Rome – Spring 2013
Christianity: Started From the Bottom, Now We’re Here
“It is a bitter thought, how different a thing the Christianity of the world might have been, if the Christian faith had been adopted as the religion of the empire under the auspices of Marcus Aurelius instead of those of Constantine.” John Stuart Mill, On Liberty, 1859
People of the Christian religion went through numerous trials, such as mass persecutions, being executed and imprisoned, edicts banning Christian practices such as freedom to worship and their churches being destroyed, until Constantine and the Edict of Milan, “an agreement to treat Christians benevolently” (Cross and Livingstone, 1974), helped Christendom move from something criminalized to one of the world’s largest religions. After the Battle of Milvian Bridge in 312, where Constantine had his vision that later led to his conversion, Christians would start to see positive dramatic change under Constantine in the seat of emperor. From the year 313, when Christianity became legalized under Constantine’s rule, to the year 380, when Christianity became the official state religion (Cross and Livingstone, 1974), Christians were no longer persecuted which meant that they were now allowed to freely worship and publically express their beliefs. Large, ornate churches were built which enabled Christians to come together for worship but at the same time changed the nature of worship from something personal and intimate to something very public. Christians were now being furthered socially by the church, being given different political and administrative jobs with better benefits, eventually leading to the line between church and state constantly diminishing over time.
These changes were, in large part, responsible for the survival of Christianity throughout the 4th century.
After Constantine’s conversion, members of the church no longer had to hide their faith or live in fear of being killed or imprisoned for what they believed in. Christians no longer had to hide the bodies of their dead loved ones underground in catacombs on the outskirts of Rome to avoid torture; instead they could now receive a proper burial above ground. Christians were now safe from persecution, which then opened up positions for work in the government and military, giving them a chance to work for their money and up their status in society (Meyendorff, 1989) This helped the Christian movement soar, going from an subterranean and even criminally prosecuted religion to one of continuously heightening power within the Roman society. The legalization caused enough conversion that Christianity became the dominant religion, and the compensation was no longer as severe (Stark 1997). That is to say, since all of these things were now possible under Constantine’s ruling, Christians no longer had to worry about being killed in spite of their faith and more people were more likely to convert to the Christian religion knowing that they could provide for themselves and their families.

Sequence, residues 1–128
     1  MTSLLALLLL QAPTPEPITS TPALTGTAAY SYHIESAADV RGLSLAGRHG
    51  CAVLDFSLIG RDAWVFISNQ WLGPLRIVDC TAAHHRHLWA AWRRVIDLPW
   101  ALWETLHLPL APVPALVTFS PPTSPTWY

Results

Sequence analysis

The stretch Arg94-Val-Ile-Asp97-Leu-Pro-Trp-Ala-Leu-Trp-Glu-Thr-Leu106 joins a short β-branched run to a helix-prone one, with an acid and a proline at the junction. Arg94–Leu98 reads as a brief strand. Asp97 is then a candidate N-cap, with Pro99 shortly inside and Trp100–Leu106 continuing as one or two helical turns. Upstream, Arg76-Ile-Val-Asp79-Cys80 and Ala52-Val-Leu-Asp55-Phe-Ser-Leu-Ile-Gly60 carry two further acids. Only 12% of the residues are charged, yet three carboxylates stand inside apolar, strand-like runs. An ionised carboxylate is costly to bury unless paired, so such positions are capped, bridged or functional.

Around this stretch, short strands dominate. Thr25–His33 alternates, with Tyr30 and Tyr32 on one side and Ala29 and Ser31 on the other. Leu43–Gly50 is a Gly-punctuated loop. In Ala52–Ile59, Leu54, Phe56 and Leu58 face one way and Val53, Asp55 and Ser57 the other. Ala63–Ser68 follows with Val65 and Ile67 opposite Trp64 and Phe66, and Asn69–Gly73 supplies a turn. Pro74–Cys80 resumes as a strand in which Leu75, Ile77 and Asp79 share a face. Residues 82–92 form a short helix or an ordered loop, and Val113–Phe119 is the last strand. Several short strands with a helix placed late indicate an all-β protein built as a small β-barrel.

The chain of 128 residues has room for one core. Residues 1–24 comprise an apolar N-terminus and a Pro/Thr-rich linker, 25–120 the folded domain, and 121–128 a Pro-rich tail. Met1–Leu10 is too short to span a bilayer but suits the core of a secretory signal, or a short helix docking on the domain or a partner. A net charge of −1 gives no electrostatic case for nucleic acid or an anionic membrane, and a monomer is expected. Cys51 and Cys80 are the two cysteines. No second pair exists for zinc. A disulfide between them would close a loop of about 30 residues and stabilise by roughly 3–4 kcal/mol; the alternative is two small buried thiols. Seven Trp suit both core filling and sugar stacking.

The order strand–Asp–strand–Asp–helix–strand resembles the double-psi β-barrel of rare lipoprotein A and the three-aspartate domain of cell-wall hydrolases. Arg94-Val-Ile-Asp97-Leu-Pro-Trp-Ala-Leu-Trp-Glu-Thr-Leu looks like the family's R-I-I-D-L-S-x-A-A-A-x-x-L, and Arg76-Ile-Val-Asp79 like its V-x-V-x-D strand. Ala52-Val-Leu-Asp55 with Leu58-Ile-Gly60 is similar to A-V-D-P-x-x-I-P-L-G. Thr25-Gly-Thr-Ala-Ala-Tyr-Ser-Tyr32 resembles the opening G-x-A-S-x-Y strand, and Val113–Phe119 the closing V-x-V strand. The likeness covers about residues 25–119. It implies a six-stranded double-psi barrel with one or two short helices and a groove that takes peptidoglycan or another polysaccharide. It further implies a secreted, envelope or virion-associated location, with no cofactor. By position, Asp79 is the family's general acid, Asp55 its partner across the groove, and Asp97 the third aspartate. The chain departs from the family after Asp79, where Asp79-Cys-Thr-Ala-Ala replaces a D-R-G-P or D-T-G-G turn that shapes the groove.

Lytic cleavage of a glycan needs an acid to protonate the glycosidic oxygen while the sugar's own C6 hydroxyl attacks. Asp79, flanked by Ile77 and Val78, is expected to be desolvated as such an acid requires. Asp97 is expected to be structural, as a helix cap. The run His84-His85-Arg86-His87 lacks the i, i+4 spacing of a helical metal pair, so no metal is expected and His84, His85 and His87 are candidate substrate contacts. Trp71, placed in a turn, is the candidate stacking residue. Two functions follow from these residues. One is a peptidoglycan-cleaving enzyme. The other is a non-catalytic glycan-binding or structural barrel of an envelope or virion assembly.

However, now that the main focus of persecution was taken off of Christians, the fear that Christians felt before the legalization was now being imposing on those who had imposed that fear just years before. Pagans were now the ones that were killed for their practices, their temples burned to the ground and laws were established to get rid of the Pagan ways of life just as the Christian tradition was before they came into power. (McLachlan 2010)
When Constantine became emperor, social reforms had to be made. Mass quantities of people flocked to the Christian religion, among them were members of the aristocracy and people of higher social status, which eventually helped Christianity grow as a strong political entity (Gonzalez 1996). He supported the Church financially by exempting the clergy from certain taxes, which encouraged more people to want to join the...